The TT can also be used to calculate the appropriate number of operators and machines needed to run a line for a specific product. ATT / TT gives the % of time these machines and their operators need to run to produce this product. If ATT=40 sec and TT=50 sec, it means that this product is consuming 80% of this manufacturing process, the other 20% needs to be used in another product and can’t be charged to the first one.

Of course, this is a simplification, and easier to apply to dedicated equipment ((please see the blog about dedicated or shared equipment), but it all starts here. Your product variation, the share of products in your lines, the change-over time, etc, all this needs to be considered in your TT/ATT, and therefore, if you already have the equipment, you adapt your running time accordingly (to optimize your labor rate), and if you need to build a new line, you design it according to your calculated ATT.

As cost engineers, this might seem like a conflict between BEST PART COST and BEST LEAN PRACTICE, like, “If I run faster, cost per piece is reduced”. Well, here we cost engineers have something to say. First thing, is the line dedicated? If the line or machine is custom-made, DEDICATED to a product, and in-line with the part process, then definitively this line / machine should be designed to run at the desired ATT. If you design it to run faster, it will need to be more complex and expensive (more $/hr), and you’ll have to stop it when production needs are met (you will not be complying with the Lean principle to make the maximum utilization of equipment), or you can fall into the trap of running at lower efficiency, this is, at higher cycle time than what the machine was built for (your limit will be the TT!), thus spending the same time per part as you would have with a simpler equipment, but of course now at a higher cost.

If your TT is 60 seconds and you expect an efficiency of 85%, then your ATT should be 70.6 seconds; a line with ATT=60 sec will run with less labor and less stressed than a line designed to run, for example, at 40 seconds. On the other hand, if the line will be SHARED, then of course you want to make as many different parts as possible, and the ATT for each different part must have been calculated to optimize the line (or lines) usage, and of course to meet their TT so to comply with your customers demand.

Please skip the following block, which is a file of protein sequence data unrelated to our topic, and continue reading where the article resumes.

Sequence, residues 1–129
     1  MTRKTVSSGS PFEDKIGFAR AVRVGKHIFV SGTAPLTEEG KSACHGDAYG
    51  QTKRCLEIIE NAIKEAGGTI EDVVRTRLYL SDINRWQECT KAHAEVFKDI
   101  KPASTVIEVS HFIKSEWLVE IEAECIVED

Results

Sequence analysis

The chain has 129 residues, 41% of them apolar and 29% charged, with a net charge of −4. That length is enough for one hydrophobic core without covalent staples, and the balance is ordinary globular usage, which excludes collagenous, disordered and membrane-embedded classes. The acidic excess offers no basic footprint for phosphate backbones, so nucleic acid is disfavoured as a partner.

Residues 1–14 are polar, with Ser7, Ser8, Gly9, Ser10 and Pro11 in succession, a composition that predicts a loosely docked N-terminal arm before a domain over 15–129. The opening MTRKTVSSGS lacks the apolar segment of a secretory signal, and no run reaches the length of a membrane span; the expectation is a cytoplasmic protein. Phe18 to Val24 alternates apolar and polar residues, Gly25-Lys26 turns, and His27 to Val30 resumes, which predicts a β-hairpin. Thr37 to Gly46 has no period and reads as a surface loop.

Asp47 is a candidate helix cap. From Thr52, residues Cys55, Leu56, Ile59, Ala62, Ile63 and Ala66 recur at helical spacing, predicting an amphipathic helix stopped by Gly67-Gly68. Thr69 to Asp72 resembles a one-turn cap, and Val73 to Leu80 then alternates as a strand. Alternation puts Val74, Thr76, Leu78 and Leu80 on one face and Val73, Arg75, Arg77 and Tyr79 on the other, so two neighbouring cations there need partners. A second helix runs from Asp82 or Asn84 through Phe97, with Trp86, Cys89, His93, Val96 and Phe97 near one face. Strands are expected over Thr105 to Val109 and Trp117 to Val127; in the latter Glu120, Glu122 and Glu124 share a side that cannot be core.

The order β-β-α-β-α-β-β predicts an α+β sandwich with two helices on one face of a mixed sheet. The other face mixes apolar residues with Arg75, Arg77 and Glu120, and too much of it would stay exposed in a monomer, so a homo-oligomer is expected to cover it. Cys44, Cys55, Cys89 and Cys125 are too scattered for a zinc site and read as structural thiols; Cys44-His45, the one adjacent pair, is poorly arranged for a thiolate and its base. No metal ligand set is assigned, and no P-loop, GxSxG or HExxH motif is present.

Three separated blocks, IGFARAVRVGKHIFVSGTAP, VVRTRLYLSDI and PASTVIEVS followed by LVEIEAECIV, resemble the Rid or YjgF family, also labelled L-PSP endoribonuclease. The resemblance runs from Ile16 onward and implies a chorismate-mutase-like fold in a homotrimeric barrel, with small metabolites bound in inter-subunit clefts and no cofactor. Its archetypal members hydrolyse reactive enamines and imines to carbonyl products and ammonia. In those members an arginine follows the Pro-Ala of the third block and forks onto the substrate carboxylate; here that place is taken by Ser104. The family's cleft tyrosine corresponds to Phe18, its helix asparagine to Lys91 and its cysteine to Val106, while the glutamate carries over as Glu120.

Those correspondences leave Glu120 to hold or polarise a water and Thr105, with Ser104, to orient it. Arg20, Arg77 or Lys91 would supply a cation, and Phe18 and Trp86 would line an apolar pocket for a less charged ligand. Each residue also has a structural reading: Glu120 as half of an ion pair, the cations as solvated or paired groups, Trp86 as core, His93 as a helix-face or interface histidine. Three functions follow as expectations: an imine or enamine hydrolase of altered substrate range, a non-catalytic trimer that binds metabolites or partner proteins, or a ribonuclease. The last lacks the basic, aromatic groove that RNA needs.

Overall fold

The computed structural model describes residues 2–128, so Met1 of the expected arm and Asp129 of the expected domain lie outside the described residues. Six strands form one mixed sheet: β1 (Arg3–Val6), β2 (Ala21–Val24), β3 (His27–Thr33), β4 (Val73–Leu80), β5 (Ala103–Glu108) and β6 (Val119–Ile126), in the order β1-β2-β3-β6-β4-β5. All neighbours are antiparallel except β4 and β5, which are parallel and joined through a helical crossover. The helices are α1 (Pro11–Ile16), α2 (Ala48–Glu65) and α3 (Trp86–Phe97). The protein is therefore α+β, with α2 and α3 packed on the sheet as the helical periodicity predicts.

For example, imagine a new plastic part required at a volume of 500,000 pcs/yr. We have a plastic injection machine with enough tonnage to make up to 10 pcs/shot (10-cavity mold). To facilitate the example, let’s consider that the plastic injection time is so fast that it takes the same time to make 1 part in a 1-cavity mold than 10 parts in a 10-cavity mold, and let’s say it is 30 seconds/cycle. Running at 3 x 8h shifts during 240 days/yr (we want to maximize the machine), and at 80% efficiency, TT= 33.2 sec. This means that in theory, you could run the machine with a 1-cavity tool and be almost dedicated to this part (30/33.2=90% utilization). But the manufacturing cost of running this part at 1 part/cycle is 10 times more expensive than putting a 10-cavity mold in the same machine!  This machine should run at 10 pcs/cycle (ATT/TT = 9% occupation) and use the 91% of remaining capacity in other parts. This will meet the best cost and best utilization of the machine, so there is no contradiction at all between Lean and Best Cost.

To summarize:

TT is a factor exclusively of your customer demand and your available time

ATT is the engineered cycle time of the line or machine, and it is a factor of TT and other variables

I hope this blog is of your interest, and as always, if you have any comments or questions, please write to lhernandez@societyofcostengineers.com. Feedback is always welcome (continuous improvement, you know ;)).

Leo Hernandez